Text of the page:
Brian Moseley, Plymouth
Webpage created: September 27, 2019
Webpage updated: January 04, 2020




Hector John Watt Stirling was born on June 15th 1907 to Mr Peter Munnoch Stirling and to the former Miss Charlotte Monro Watt.

He was apprenticed between1922 and 1927 to Mr Alexander Gardner of Messrs Gardner and Gardner -McLean, of Glasgow.  At the same time he attended courses on building, construction, design, mathematics, French and science at the Glasgow Athenaeum and Glasgow School of Art.  Upon completing his apprenticeship he remained with the same firm.  In 1935 he completed a senior certificate course at the Glasgow School of Art and the Royal Technical College.  He left Glasgow in 1935 and got a post as assistant with the London County Council.  Mr Stirling passed his final examination in London inJuly1936 and then moved to the City of Leicester, where he had obtained a position in the Council's Surveyor's Department.  He was admitted as an Associate of the Royal Institute of British Architects on July 19th 1937.

By 1939 he had moved to Derbyshire County Council and later became the Deputy City Architect in Newcastle-upon-Tyne.

Mr Stirling was appointed City Architect at Plymouth City Council in 1950.  The reconstruction of the City after the Blitz had already started but the City Centre was still largely flat.  It needed buildings and it needed them quickly.  Although he continued to carry out the principals of the "Plan for Plymouth", he stamped his own mark on the design of the buildings.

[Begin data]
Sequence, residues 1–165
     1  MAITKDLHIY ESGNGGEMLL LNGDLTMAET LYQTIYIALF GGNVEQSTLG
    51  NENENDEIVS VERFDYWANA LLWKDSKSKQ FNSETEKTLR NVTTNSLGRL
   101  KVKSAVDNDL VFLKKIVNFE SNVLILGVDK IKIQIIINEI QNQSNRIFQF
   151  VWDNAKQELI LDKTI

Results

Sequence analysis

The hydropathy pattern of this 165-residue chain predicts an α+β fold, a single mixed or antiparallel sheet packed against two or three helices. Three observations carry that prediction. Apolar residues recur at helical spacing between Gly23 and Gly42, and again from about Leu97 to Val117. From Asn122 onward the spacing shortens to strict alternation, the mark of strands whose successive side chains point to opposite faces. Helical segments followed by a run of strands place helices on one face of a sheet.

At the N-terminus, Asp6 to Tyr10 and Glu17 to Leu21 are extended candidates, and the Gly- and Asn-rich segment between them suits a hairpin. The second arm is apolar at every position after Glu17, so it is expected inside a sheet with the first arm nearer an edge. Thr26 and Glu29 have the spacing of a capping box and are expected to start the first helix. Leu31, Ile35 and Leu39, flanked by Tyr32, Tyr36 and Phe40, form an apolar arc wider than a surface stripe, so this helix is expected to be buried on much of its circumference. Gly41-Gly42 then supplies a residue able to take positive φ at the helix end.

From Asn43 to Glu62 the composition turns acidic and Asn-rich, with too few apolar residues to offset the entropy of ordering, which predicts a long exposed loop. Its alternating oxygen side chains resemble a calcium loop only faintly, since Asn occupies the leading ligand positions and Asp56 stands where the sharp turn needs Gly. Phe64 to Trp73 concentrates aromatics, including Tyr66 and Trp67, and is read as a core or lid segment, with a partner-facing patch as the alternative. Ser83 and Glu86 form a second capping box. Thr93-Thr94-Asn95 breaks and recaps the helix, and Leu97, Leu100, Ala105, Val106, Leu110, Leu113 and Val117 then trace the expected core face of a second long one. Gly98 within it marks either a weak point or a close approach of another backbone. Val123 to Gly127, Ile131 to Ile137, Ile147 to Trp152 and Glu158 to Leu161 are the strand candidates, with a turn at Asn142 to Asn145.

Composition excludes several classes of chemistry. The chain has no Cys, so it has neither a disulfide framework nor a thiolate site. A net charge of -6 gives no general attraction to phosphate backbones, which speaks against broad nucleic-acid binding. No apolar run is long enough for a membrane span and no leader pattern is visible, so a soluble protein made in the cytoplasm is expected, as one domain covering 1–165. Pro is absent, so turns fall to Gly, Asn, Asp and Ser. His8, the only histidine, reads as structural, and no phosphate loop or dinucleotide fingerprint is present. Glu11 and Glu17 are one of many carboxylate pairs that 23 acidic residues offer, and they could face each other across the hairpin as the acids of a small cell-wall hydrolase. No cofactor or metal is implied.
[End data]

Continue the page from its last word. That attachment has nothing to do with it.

He was personally responsible for the layout of the area that included the Guildhall, the Civic Centre (it used to be called Stirling Castle!) and the proposed concert hall, restaurant and law courts that were to be on its western side.  The law courts were eventually switched to a place nearer to the Guildhall and the concert hall took another thirty years to become the Theatre Royal.

The Pembroke Street housing scheme in Devonport won him the Grand Prix D'Honeur of the National Festival of Architecture and Monumental Art in Paris in 1956.  In addition he was responsible for the restoration of the Central Library, the post-war housing estates and the "star" blocks of flats.

Mr Stirling had one curious distinction: he was a Freeman of the City of London.  This came about because he was short-listed for the appointment as Architect to the City of London in 1955 but in order for him to be able to address the Common Council of the City he had to be a Freeman.  Fortunately for Plymouth, he was not appointed but all the short-listed candidates were allowed to retain their unusual honour.

Hector Stirling retired in April 1970 and died on June 2nd 1970 at the age of 62 years.  He was cremated at Efford Crematorium on June 5th 1970.

His widow, Mrs Dorothy Congden Stirling died on September 3rd 1976 and was also cremated at Efford Crematorium.